Size-Dependent Materials Properties Toward a Universal Equation
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- Guisbiers, G. Nanoscale Res Lett (2010) 5: 1132. doi:10.1007/s11671-010-9614-1
Due to the lack of experimental values concerning some material properties at the nanoscale, it is interesting to evaluate this theoretically. Through a “top–down” approach, a universal equation is developed here which is particularly helpful when experiments are difficult to lead on a specific material property. It only requires the knowledge of the surface area to volume ratio of the nanomaterial, its size as well as the statistic (Fermi–Dirac or Bose–Einstein) followed by the particles involved in the considered material property. Comparison between different existing theoretical models and the proposed equation is done.
KeywordsNanomaterialsSize effectShape effectTheoryTop–down
Understanding how materials behave at tiny length scales is crucial for developing future nanotechnologies. The advances in nanomaterials modeling coupled with new characterization tools are the key to study new properties and capabilities and then to design devices with improved performance . This study of size and shape effects on material properties has attracted enormous attention due to their scientific and industrial importance [2–4]. Nanomaterials have different properties from the bulk due to their high surface area over volume ratio and possible appearance of quantum effects at the nanoscale [5–7]. The determination of nanomaterials properties is still in its infancy and many materials properties are unknown or ill-characterized at the nanoscale [8, 9]. Therefore, modeling different phenomena by only one general equation could be particularly helpful at the nanoscale when experimental data is lacking.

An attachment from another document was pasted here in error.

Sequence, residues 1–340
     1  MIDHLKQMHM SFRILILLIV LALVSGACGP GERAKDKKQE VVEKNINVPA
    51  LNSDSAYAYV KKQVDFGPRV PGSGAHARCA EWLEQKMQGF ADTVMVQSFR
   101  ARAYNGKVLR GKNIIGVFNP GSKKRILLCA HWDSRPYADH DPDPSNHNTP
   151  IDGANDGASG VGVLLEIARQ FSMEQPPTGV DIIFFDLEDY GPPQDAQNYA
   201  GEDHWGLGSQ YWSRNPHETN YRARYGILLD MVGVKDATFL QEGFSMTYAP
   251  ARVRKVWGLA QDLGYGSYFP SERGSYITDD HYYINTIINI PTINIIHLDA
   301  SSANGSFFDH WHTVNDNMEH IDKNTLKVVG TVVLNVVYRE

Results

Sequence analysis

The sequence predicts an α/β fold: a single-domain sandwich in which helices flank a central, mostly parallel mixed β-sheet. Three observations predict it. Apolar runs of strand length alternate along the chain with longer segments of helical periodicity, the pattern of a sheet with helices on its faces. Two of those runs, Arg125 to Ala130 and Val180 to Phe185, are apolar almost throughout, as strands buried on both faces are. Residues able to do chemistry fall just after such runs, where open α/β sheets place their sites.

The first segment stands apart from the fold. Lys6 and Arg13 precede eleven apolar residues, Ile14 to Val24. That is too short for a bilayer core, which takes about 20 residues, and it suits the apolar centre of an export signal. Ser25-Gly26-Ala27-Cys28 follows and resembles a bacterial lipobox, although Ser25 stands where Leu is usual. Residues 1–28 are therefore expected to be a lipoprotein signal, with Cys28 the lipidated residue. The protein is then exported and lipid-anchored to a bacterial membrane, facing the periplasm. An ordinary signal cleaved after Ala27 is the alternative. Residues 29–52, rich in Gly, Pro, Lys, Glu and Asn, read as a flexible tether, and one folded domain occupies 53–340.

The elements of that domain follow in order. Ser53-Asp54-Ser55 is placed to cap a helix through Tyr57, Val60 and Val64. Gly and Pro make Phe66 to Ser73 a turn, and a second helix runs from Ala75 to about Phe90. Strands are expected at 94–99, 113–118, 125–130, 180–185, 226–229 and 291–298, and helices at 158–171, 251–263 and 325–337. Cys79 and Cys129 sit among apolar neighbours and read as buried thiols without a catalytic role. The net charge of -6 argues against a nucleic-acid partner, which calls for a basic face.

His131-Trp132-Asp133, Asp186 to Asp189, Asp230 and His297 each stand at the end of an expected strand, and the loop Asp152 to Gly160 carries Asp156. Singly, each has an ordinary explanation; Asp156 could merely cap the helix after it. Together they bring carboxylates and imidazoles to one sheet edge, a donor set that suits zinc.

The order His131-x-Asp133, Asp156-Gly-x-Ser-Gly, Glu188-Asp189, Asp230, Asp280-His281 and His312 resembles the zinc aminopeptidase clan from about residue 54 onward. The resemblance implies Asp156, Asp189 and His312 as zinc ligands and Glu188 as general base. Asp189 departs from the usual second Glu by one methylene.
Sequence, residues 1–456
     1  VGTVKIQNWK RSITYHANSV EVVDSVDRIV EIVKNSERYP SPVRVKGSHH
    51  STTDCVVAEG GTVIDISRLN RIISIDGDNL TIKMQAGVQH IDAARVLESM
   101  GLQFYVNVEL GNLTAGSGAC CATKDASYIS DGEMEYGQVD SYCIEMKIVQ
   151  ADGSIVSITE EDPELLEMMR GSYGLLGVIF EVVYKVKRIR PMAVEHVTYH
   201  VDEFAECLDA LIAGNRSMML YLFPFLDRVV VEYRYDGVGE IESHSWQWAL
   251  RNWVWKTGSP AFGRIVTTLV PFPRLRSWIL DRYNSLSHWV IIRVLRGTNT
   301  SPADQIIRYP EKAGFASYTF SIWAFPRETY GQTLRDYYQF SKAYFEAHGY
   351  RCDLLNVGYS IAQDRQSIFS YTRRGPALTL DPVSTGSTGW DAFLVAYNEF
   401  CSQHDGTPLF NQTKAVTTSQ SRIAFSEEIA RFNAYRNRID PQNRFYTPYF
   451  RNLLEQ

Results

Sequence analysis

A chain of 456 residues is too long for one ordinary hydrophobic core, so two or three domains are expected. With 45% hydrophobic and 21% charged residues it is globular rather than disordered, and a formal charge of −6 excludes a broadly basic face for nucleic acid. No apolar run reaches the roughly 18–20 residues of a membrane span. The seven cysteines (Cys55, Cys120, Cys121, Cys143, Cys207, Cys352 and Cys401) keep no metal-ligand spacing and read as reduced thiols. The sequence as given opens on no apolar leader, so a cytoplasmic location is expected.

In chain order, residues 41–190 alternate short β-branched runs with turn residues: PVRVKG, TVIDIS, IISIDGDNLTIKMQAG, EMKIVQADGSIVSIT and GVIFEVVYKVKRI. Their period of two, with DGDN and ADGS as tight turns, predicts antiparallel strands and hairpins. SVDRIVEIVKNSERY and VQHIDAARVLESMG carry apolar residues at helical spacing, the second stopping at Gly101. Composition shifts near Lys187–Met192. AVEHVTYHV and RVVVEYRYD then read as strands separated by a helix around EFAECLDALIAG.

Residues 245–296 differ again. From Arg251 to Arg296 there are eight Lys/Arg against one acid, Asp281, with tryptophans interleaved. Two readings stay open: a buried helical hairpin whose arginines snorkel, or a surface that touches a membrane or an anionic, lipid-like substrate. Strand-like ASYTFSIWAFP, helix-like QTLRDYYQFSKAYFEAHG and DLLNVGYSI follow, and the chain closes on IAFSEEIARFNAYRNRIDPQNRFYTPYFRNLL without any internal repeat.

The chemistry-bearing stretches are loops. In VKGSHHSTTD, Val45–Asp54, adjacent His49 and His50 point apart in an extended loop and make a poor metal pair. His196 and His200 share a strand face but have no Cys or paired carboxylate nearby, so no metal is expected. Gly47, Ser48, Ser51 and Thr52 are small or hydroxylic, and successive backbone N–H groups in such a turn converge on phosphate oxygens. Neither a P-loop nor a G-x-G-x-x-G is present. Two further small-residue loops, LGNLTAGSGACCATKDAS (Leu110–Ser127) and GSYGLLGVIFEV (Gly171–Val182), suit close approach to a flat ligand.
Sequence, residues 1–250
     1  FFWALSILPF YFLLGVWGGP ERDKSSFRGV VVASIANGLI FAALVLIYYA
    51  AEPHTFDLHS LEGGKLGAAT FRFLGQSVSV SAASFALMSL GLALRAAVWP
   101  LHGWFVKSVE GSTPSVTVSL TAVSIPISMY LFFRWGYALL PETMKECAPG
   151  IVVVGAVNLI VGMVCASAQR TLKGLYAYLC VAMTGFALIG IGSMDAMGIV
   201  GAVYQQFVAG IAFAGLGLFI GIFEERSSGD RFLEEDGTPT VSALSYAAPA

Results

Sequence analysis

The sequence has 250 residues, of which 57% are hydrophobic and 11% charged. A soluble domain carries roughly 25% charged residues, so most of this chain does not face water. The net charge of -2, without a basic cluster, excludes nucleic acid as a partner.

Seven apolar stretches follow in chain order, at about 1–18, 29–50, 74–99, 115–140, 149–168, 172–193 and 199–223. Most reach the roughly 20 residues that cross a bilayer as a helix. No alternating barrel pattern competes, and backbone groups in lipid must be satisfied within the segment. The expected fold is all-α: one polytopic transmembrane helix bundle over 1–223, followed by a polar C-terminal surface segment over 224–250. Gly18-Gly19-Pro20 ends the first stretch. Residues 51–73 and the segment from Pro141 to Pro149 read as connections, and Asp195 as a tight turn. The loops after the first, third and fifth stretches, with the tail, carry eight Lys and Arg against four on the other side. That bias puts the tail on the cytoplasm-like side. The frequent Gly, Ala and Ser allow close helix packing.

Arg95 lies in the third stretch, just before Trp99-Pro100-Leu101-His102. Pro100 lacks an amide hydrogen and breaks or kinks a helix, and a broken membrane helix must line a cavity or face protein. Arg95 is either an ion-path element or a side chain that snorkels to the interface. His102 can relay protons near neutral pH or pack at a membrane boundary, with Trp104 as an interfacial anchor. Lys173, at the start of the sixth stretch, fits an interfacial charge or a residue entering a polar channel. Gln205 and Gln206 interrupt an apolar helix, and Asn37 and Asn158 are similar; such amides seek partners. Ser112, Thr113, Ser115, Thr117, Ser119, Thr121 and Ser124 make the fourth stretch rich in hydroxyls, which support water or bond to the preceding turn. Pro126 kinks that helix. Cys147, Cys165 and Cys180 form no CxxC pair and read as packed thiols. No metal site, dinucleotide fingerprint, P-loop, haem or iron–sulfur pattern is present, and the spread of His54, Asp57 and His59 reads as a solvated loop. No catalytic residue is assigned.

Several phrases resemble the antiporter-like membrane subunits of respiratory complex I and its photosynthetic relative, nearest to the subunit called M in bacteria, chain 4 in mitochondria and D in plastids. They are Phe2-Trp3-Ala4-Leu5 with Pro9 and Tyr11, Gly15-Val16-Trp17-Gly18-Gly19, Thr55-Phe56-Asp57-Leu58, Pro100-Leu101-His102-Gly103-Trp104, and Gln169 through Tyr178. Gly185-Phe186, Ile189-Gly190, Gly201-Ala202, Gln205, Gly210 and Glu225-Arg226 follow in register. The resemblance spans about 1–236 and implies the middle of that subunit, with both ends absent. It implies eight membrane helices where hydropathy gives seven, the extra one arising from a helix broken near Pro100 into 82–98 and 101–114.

When modeling nanomaterials, there exist two main approaches. In the “top–down” approach, one looks at the variation of the properties of systems that change when going from the macro to the nano dimensions. At the opposite, in the “bottom-up” approach, one starts from atoms and one adds more and more atoms, in order to see how the properties are modified. The first makes use of classical thermodynamics, whereas the second relies on computational methods like molecular dynamics. Molecular dynamics generally considers less than one million atoms  in order to keep calculation time within reasonable values. This factor limits the nanostructure size modeled until values around 100 nm . By using classical thermodynamics, the “top–down” approach ceases to be valid when thermal energy kT becomes smaller than the energetic gap between two successive levels, δ. Generally for metals, according to Halperin , when δ/k ~ 1 K, the band energy splitting appears for diameter values between ~4–20 nm depending on the material considered. When δ/k ~ 100 K, this diameter is between ~1 and 4 nm in agreement with the value announced by Wautelet et al. . The size limit considered in this manuscript will be 4 nm. Therefore, the “top–down” approach emerges as a simple complementary method which can give useful insights into nanosciences and nanotechnology.
where X represents melting, Debye, Curie or superconducting. αshape is the parameter quantifying the size effect on the material property and depending on the nanostructure’s shape. αshape is defined as αshape = [D(γs − γl)/ΔHm,∞](A/V) where A/V is the surface area over volume ratio, ΔHm,∞ is the bulk melting enthalpy and γs(l) the surface energy in the solid (liquid) phase. D is the size of the nanostructure. S equals to one half or one if the particles involved in the considered phenomena follow a statistic of Fermi–Dirac or Bose–Einstein. For melting and ferromagnetism (Curie), S equals to one-half, whereas for superconducting and vibration (Debye) S equals to one.